Home Buyers Report v Full Structural

I noticed a house for sale which might be about 80 years old (I'm guessing here).
There doesn't appear to be anyhting obviously wrong with though it does need modernised and re-decorated.
Would either a "home buyers report" or a "full structural survey" tell me anything more about the house than the lenders survey will?
I rang a surveyors association and they contacted a surveyor in my area who apparently said that houses in that street (where the house is located) would not require a full structural survey.
I was just wondering if anyone had any opinions about these different surveys?
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snipped-for-privacy@postmaster.co.uk (SuzySue) writes:

Home buyers report = Yes, there is a house at that address.
Lenders survey = Surveyor slows below 30mph as he drives past.
Structural survey = Surveyor looks in loft, then disclaims any responsibility for anything whatsoever he fails to find.
That being said, I always have a full structural survey on houses I buy. The cost is irrelevant compared to the cost of the house.
--
"The road to Paradise is through Intercourse."
[email me at huge [at] huge [dot] org [dot] uk]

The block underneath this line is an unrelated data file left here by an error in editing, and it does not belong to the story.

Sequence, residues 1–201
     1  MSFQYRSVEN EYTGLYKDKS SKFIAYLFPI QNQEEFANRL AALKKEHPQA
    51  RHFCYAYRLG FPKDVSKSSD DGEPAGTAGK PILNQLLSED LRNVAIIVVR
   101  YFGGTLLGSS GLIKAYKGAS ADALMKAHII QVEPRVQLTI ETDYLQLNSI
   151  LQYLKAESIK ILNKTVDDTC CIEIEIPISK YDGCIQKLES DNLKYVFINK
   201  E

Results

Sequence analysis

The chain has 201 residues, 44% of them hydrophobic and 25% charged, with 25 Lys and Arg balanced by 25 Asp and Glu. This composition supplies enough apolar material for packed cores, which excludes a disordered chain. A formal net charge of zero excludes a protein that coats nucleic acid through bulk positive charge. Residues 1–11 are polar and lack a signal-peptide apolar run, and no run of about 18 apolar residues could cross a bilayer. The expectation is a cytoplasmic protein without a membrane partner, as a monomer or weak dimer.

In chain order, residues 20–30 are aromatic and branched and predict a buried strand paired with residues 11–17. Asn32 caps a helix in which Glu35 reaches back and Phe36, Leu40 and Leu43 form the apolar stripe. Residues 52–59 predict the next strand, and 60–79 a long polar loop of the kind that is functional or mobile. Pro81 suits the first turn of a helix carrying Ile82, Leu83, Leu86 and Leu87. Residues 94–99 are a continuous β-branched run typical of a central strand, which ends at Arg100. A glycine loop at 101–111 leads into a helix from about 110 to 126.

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Actually, I went for the home buyer's report for my house (1909 terrace). I was very impressed by it, really. It consisted of many, many pages, and about 30 photographs illustrating the issues found and any settlement cracks, evidence of DPC injection etc. He had obviously crawled around the loft spaces, examined the brickwork whenever visible, looked for missing lintels and settlement, and thoroughly disparaged the kitchen. We managed to knock off 5 grand with it.
For my previous house (1986, in an area not known for subsidence) I went for the standard valuation. It had about one page, detailing that it was made of brick and tile and hadn't collapsed.
Christian.
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responsibility for anything whatsoever he fails to find. That being said, I always have a full structural survey on houses I buy. The cost is irrelevant compared to the cost of the house.<
iirc a tv consumer program warned that even full structural survey does not guarantee that if any problems arise after buying house that you can recoup any loses against whoever surveyed house for you?
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Did I not say that?
--
"The road to Paradise is through Intercourse."
[email me at huge [at] huge [dot] org [dot] uk]
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<SNIP>?

Here are a few classics from a survey on our present house.
"It has off road parking but the curb needs to be lowered" The curb has been lowered since the before the garage was removed in the 70's
"The porch is of stone and Tile" Yes its stone With castilations and a Lead lining"
"The walls and floors arnt straight" Its 250 years old in parts and the walls vary between 600mm and 300mm thick depending on rooms
" The walls dont have a cavity" They hadent perfected the cavity wall back then.
"Its of standard construction" Its dug into a hill with only a front side and 1M back wall.